Green Party Presidential Candidate Jill Stein Arrested at “Occupy Fannie Mae” Protest in Center City Philadelphia [VIDEO]
Rhonda Lancaster was one of the first to speak at yesterday’s “Occupy Fannie Mae” event, a Green Party-sponsored sit-in at the Fannie Mae office in Center City to protest unjust home foreclosures. Lancaster, a musician and fitness instructor, has been dealing with foreclosure since 2009, when her mother passed away shortly after signing a reverse mortgage on their Germantown home. Thus far, she’s managed to fight off the banks; she’s even met with the president of Fannie Mae during her process, and says she’s been in discussions to buy back her home for a negotiated price. “We hope to use this as a litmus test for all the other folks who are going through this process,” Lancaster told a crowd of about 50 protesters and activists. “Because the bottom line is, when you don’t know how the process works, you’re basically swatting in the dark at flies.”
Despite the protest’s “Occupy” nomenclature, the audience for Lancaster’s story went considerably beyond the familiar crowd of local protestors to include some national VIPs: namely, the Green Party’s candidates for president and vice president of the United States, Dr. Jill Stein and Philadelphia anti-poverty advocate Cheri Honkala.
Yesterday’s event was organized for people like Lancaster, who members of the Green Party and others say have been duped by the big banks in the mortgage crisis, which began in 2007, the year before the financial crash, and persists today. The crowd began in the plaza outside the Fannie Mae office at 1835 Market Street; speakers, including Stein, Honkala and Lancaster, revved up the crowd before beginning a picket line in front. Organizers huddled in the middle of the large circle, introducing another local resident dealing with foreclosure, Miss Fran, before they all joined in a group prayer.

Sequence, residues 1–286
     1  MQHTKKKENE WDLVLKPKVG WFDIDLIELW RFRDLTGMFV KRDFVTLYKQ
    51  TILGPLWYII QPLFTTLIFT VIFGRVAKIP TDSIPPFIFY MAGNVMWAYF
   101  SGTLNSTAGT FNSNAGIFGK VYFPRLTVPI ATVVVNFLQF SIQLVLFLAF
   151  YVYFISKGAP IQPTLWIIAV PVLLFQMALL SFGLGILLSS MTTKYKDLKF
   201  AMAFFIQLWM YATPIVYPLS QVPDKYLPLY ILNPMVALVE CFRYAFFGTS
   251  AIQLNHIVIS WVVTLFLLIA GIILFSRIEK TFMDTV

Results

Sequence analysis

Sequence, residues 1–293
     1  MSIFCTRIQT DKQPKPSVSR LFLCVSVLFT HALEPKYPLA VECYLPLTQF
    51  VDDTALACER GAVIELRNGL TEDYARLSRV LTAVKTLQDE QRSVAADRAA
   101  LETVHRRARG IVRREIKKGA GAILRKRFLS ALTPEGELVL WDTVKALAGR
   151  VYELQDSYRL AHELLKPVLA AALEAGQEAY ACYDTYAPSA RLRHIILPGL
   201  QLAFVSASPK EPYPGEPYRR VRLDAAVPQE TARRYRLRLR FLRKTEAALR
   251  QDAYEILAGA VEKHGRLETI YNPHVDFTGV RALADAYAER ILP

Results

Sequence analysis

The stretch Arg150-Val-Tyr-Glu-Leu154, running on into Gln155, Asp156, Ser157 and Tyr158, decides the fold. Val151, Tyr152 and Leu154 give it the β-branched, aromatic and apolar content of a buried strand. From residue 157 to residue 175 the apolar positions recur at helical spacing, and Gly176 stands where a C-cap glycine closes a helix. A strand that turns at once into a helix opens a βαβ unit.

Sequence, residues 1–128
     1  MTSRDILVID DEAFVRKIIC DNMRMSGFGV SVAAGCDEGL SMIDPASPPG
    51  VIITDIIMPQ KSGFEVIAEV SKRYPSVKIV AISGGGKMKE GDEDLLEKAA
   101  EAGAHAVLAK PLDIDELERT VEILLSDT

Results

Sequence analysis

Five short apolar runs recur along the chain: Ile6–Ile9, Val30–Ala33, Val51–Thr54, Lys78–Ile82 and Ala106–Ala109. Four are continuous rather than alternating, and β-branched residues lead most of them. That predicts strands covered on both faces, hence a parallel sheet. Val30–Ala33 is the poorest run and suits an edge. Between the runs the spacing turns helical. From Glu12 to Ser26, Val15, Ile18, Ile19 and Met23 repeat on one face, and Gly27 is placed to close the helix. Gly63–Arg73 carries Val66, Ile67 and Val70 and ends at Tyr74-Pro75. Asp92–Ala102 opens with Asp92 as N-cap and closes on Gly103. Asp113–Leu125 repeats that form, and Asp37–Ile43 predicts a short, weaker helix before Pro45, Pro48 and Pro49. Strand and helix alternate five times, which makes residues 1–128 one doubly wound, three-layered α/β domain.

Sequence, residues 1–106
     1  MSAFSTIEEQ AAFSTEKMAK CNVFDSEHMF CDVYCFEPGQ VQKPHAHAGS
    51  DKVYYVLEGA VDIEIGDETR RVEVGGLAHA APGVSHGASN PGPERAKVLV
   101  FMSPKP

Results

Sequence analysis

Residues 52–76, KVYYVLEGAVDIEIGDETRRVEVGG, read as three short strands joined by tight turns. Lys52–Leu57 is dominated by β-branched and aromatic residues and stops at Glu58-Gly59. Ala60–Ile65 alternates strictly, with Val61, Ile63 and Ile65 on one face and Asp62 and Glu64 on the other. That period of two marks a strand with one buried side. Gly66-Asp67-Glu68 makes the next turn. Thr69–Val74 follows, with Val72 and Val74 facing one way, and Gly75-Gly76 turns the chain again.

“If democracy has anything to do with it, this is what the future of America should look like,” said Stein, referring to the diverse crowd. “It should look like keeping people in their homes. It should look like jobs that actually pay living wages and which are available to everyone. It should look like health care for everyone as a human right, through Medicare for all. It should look like affordable, higher education, which is a free, tuition free … instead of bailing out the bankers who got us into this crisis to start with, we should be bailing out the homeowners and the students.”
A summary of Stein’s presidential plan—which she dubbed “A Green New Deal for America”—was circulated among the crowd. As we’ve previously and partially detailed here at PhillyNow, the Green New Deal is a comprehensive economic, environmental and political plan to transform the American landscape according to Green Party values. It includes an Economic Bill of Rights, a transition to a “green” economy, financial reform (which includes breaking up the banks) and a Voter Bill of Rights, among other things.
“The jobs coming back,” she said, “are low-wage, insecure jobs. They’ve cut wages for even manufacturing jobs so they, too, are now insecure … six million … had their homes stolen from them and basically that many in the pipeline, so we’re here to say enough is enough; there is a better way forward; it’s time to stop bailing out the banks and to start negotiating with the homeowners to keep them in their homes.”